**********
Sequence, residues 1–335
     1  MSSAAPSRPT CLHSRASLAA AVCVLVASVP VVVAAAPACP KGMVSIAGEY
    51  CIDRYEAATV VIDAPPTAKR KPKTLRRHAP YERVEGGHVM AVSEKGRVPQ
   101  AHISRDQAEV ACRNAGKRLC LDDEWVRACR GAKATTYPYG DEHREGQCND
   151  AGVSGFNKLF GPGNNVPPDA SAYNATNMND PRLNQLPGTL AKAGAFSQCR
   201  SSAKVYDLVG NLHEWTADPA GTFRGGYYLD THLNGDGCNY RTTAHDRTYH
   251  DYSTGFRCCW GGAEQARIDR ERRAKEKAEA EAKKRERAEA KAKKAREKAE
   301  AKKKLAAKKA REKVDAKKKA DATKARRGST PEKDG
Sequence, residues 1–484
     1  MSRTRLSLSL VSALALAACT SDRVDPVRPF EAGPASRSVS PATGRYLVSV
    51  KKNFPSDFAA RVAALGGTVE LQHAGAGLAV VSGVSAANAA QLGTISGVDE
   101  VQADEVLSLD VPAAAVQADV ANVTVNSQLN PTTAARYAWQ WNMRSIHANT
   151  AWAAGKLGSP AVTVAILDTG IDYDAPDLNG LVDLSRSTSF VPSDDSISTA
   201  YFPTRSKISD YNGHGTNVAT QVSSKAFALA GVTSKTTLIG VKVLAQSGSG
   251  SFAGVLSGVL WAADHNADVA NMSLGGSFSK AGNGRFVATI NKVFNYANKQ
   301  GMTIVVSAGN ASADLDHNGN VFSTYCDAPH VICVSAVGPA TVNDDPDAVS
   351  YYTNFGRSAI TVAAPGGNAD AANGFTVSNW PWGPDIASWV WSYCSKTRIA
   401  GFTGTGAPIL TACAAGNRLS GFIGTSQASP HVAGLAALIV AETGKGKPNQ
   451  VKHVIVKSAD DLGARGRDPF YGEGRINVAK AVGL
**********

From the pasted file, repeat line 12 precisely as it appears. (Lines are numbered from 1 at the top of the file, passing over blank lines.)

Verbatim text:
   101  VQADEVLSLD VPAAAVQADV ANVTVNSQLN PTTAARYAWQ WNMRSIHANT